Emergency responders work hard in Australia just as they do in the rest of the world. You need to give them unimpeded room to work, and that means keeping your drone away from any emergency operations or public safety operations.
CASA cites searches and rescues, firefighting efforts, police operations, and vehicular accidents as examples of scenes to avoid when flying your drone.
Only operate your drone in clear weather
Exmouth is known for its hot temperatures, just as much of Australia is, but that doesn’t mean the weather is clear, warm, and sunny every single day.
When conditions are foggy, cloudy, or rainy, CASA rules require you to refrain from flying until and unless the day clears up.
Don’t use your drone after dark
In Australia, drone operations before sunrise and after sunset are prohibited. Australia gets some long days with plenty of sunlight, sometimes up to 10 hours or longer, so you should have ample time to schedule your drone flight.
Cause no harm with your drone
As the drone operator, you must use your UAV safely. You should never risk harm to property, people, or aircraft when in the sky.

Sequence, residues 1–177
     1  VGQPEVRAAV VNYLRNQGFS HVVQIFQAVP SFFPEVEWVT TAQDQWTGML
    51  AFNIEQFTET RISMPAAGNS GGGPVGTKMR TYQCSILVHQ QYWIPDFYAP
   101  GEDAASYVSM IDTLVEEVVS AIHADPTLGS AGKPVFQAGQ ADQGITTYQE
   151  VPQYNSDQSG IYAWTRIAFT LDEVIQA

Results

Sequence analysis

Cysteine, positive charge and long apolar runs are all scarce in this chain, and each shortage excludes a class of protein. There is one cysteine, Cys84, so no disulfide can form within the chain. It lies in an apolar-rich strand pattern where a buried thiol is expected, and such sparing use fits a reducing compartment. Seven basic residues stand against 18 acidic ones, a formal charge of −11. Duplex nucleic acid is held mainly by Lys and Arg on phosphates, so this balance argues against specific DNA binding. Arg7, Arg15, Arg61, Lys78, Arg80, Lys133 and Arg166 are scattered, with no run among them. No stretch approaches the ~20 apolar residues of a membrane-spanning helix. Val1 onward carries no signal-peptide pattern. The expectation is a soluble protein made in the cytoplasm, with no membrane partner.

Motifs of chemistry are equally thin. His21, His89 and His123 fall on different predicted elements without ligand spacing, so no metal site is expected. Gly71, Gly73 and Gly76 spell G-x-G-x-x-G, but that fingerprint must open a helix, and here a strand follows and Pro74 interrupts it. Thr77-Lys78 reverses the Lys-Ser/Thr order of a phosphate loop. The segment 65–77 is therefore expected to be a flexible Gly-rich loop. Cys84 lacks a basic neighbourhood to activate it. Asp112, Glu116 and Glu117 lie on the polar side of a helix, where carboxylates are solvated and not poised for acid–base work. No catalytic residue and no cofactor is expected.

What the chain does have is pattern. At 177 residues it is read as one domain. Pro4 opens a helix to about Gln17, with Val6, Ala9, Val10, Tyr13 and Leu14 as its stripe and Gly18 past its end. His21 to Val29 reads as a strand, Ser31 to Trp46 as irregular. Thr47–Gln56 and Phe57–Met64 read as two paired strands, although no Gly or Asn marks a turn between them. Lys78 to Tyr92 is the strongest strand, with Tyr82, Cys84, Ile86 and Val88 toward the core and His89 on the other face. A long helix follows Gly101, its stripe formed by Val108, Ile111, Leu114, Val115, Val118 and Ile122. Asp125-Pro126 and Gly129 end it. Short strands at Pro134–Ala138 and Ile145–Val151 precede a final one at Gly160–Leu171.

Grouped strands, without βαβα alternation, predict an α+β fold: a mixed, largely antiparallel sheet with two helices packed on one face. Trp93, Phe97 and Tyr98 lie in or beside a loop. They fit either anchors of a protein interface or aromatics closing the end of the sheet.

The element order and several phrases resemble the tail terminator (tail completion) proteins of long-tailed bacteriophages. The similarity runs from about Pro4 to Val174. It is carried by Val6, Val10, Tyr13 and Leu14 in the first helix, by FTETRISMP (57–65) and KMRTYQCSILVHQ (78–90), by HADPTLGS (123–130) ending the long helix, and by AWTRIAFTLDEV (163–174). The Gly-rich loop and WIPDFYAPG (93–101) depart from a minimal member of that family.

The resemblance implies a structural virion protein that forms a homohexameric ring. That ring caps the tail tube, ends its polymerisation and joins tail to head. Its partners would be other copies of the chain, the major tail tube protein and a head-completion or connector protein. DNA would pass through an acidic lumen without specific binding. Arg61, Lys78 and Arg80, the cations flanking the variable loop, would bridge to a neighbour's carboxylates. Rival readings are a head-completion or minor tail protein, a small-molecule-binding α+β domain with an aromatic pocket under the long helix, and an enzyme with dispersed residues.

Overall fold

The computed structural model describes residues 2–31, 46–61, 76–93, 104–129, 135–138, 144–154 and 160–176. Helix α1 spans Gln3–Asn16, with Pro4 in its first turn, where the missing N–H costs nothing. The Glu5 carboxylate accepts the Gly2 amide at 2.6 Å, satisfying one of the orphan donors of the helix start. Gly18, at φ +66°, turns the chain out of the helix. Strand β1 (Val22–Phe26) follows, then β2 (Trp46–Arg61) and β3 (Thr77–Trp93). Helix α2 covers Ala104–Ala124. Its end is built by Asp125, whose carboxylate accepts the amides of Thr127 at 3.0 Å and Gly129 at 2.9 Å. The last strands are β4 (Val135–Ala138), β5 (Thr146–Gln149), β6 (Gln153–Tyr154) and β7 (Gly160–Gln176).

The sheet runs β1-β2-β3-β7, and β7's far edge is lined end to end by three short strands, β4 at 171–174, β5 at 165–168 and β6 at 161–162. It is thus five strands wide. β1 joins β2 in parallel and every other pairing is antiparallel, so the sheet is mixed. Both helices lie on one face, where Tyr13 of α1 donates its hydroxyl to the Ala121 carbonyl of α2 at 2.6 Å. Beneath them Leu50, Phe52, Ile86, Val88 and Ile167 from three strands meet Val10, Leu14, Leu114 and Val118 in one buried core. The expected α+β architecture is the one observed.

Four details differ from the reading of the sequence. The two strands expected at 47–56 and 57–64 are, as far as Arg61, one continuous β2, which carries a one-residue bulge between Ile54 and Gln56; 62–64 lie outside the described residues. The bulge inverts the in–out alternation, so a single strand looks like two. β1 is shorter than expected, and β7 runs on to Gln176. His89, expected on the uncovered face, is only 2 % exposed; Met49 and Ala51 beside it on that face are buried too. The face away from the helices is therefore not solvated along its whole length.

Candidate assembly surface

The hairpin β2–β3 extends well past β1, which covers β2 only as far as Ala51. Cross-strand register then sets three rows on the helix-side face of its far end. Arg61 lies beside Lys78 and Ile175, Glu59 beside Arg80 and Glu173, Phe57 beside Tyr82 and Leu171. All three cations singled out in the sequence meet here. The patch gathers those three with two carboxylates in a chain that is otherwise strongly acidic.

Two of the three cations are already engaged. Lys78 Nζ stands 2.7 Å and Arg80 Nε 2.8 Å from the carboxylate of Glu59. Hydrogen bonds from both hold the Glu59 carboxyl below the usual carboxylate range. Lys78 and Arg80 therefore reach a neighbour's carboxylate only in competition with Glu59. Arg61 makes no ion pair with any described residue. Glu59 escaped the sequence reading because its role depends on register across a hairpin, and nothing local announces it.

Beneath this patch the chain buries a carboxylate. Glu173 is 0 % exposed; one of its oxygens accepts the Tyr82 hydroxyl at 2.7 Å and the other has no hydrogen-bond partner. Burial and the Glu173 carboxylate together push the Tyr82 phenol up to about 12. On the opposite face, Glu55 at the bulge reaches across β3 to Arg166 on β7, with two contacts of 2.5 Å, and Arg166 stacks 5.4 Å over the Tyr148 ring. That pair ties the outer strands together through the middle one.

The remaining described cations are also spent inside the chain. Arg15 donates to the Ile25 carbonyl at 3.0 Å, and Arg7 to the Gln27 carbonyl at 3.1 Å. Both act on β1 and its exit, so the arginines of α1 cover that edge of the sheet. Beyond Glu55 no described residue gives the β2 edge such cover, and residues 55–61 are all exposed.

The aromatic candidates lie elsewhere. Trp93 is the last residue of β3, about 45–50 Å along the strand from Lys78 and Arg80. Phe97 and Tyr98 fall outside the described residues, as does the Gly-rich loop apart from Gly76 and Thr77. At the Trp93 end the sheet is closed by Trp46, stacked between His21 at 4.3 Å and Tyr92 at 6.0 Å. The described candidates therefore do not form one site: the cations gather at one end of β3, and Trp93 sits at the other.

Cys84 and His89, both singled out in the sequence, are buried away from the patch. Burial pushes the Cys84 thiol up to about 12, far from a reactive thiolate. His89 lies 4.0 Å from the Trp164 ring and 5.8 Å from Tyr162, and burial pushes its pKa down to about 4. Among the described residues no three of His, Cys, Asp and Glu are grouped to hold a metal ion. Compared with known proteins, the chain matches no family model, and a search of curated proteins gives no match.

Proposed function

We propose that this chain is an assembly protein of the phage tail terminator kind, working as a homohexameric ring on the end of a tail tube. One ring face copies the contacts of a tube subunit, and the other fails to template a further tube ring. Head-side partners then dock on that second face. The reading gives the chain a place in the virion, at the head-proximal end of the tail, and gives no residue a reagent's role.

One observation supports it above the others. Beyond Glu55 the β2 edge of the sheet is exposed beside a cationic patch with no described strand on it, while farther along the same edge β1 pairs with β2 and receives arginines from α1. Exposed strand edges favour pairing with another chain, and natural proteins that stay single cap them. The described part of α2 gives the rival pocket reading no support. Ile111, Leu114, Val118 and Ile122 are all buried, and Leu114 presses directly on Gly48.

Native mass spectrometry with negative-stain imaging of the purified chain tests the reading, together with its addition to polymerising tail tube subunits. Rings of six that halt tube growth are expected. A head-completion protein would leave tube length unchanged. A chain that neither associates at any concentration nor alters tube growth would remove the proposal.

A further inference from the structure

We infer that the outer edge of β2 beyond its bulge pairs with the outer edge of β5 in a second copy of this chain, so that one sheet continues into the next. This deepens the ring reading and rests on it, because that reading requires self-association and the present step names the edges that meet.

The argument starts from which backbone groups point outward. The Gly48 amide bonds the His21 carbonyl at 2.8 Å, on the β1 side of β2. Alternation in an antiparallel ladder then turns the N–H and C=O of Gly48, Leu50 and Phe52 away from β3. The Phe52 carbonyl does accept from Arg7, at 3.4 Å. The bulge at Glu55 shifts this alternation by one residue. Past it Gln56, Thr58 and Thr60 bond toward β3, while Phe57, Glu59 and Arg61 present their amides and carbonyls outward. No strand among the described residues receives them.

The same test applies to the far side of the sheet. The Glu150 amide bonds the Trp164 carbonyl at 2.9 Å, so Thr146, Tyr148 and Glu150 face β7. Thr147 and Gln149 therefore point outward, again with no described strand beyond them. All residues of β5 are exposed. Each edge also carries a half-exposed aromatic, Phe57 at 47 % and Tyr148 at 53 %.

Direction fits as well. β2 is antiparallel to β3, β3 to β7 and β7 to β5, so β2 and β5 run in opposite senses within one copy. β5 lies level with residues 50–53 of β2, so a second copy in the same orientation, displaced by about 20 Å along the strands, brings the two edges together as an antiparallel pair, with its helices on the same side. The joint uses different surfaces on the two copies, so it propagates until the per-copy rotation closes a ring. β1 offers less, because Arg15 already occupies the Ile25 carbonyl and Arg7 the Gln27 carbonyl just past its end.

Keep 5.5 kilometers from controlled airports
Controlled airports have a control tower. CASA requires drone pilots to fly no closer than 5.5 kilometers or 3.42 miles from these airports.
Do not violate another’s privacy with your drone
It’s illegal in Australia to use your drone to take photos or videos of others unless you have their express permission. Be mindful of the privacy of others!
Avoid flying over crowded areas
You can’t fly your drone above people in Australia, so populated areas are automatically off-limits. Those include sports ovals, events, parks, and beaches.
CASA mandates that pilots remain 30 meters from people in less populated areas.
Keep your drone in your visual line of sight
CASA rules require pilots to keep a visual line of sight when operating a UAV. Your line of sight is how far you can see your drone when wearing contacts, glasses, or with your naked eye. Binoculars do not count.
Don’t fly more than one drone simultaneously
Although it would be mighty difficult to do, if you ever find yourself in a situation where you can fly more than one drone at a time, the activity is strictly prohibited by CASA.
Don’t surpass an altitude of 400 feet
Throughout Exmouth and the rest of Australia, drones are not allowed any higher than 120 meters or 400 feet over ground level.
Exmouth in Australia is a tiny resort town that swells with crowds during the active tourism season. You can fly your drone here, taking photos and videos of its parks and beaches.
Make sure you stay current on CASA’s drone laws and get your drone license and registration (as required) before you fly!
1. Australian Marine Parks (link)